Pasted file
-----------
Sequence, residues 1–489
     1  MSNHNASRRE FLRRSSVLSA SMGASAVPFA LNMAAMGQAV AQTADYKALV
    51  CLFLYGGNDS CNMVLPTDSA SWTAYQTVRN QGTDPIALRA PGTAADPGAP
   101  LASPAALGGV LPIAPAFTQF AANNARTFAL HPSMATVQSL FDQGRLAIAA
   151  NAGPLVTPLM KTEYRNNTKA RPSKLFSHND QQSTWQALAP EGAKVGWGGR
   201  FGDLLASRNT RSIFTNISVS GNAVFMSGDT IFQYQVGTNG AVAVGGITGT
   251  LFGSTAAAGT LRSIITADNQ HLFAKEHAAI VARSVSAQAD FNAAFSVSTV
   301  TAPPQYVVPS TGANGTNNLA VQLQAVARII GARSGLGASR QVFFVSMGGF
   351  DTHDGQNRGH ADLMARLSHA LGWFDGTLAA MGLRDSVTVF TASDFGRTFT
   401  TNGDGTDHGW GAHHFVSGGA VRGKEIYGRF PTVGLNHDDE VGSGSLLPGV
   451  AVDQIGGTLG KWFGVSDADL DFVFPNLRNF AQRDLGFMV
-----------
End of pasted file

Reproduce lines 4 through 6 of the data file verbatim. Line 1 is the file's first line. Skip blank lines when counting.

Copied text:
   101  LASPAALGGV LPIAPAFTQF AANNARTFAL HPSMATVQSL FDQGRLAIAA
   151  NAGPLVTPLM KTEYRNNTKA RPSKLFSHND QQSTWQALAP EGAKVGWGGR
   201  FGDLLASRNT RSIFTNISVS GNAVFMSGDT IFQYQVGTNG AVAVGGITGT